For the women’s collection FW 22/23 Jeremy Scott , Moschino ‘s artistic director , takes up the archives from 1989 to 1990, when Franco Moschino introduced cutlery-shaped pins and faucet knobs as elements of his prêt-à-porter.
In line with his modus operandi, Scott imagines as the leitmotif of the collection a house both to live in and to wear, well furnished, which the founder would have liked too, because it symbolizes refinement but with the surreal touches that have always been the horses of battle of Moschino.
Within these elegant spaces, on the notes of a waltz, women dressed in a subtle balance between pleasure and provocation move.
The tuxedo jacket is reinvented with heirloom handles like buttons, while key cutouts take shape on fitted jackets and blazers, sculpting the female body. The crystal chandeliers are transformed into giant earrings and the classic lampshade of yesteryear becomes a whimsical headdress, made ad hoc by Stephen Jones .
The memories of a Louis XIV style chest of drawers become a source of inspiration for making oversized coats and boxy jackets, combined with A-line skirts.
As in a royal residence, from the atrium you pass to the dining room with a decadent taste, where the silverware of the Moschino house comes into play, changing into golden decorations on the bodice or on the vertiginous heels.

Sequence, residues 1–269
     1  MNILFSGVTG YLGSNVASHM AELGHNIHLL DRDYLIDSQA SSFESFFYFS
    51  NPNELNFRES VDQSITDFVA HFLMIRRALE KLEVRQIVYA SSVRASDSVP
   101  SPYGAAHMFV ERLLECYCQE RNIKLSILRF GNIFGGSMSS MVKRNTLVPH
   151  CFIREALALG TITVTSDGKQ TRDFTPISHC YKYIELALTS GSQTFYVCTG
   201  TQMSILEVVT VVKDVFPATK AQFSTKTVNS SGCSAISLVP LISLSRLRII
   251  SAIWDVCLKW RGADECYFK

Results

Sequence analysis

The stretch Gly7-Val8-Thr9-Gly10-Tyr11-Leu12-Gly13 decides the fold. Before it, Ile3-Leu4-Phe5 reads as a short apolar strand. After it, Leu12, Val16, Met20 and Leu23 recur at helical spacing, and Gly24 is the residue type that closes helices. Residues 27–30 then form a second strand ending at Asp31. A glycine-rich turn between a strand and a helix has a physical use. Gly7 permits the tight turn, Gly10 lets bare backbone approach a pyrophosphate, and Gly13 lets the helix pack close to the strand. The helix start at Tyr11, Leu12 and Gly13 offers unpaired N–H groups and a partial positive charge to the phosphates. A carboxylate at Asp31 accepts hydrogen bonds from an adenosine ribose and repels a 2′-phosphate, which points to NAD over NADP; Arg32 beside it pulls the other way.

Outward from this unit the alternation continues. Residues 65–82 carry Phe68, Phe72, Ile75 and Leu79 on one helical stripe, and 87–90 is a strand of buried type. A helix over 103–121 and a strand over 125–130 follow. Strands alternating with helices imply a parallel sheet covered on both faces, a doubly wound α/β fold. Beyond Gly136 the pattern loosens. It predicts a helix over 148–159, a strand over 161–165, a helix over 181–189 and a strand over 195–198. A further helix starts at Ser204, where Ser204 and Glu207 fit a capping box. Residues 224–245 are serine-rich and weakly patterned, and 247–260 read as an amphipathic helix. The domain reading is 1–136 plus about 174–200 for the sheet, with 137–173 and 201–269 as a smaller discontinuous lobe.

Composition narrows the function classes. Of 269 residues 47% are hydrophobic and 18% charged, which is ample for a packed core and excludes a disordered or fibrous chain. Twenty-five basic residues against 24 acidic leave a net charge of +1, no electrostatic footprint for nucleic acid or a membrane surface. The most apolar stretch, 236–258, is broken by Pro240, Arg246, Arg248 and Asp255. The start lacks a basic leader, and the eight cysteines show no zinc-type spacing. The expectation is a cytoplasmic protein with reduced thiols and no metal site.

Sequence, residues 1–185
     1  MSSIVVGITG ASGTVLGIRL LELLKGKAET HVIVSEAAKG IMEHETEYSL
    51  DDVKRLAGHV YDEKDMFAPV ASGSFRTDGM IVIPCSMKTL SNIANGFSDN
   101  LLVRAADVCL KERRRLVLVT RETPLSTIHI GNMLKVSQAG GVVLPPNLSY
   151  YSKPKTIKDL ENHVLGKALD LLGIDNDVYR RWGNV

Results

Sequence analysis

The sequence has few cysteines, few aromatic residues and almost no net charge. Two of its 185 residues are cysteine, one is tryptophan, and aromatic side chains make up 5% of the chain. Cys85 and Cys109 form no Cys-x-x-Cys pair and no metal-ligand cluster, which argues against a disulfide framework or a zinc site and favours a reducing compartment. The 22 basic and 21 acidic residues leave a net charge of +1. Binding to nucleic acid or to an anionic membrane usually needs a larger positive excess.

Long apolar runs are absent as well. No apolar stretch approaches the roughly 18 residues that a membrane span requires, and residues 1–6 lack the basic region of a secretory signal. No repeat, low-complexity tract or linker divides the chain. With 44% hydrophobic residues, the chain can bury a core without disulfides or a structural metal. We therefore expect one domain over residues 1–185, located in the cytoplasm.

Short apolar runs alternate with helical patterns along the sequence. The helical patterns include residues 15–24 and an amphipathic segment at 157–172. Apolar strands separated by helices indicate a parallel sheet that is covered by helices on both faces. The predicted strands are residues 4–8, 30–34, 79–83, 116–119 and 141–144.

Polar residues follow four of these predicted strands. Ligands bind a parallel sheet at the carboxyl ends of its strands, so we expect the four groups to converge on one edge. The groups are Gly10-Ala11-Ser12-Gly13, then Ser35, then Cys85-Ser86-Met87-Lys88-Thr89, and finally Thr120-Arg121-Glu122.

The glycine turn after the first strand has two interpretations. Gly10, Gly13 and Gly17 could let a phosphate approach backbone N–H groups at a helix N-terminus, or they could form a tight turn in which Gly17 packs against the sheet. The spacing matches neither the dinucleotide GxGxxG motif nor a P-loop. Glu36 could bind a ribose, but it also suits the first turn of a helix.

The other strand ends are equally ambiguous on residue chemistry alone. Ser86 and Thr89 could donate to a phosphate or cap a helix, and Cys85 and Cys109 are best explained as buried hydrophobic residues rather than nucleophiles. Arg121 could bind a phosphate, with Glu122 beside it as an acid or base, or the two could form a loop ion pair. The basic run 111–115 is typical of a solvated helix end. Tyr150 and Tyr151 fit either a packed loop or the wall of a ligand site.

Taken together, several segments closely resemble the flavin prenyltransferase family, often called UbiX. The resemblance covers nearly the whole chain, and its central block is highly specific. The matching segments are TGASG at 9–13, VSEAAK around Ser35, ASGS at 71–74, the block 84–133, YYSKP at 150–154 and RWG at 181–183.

Other details of the dining room are converted into sumptuous velvet fabrics, which recreate a strapless sofa dress or in a clutch, while a clock that strikes tea time changes its nature into a column dress and a silver tray. turns into a bustier.
The great classics of the brand are freely reinterpreted with the irony that was the hallmark of Franco Moschino.
The soundtrack, which begins with the notes of 2001 A Space Odyssey by Stanley Kubrick to accompany the gait of the models, fades to the great notes of Jonathan Strauss ‘s Bat , ending with the scenographic release of Jeremy Scott, who greets the audience wearing a red astronaut suit.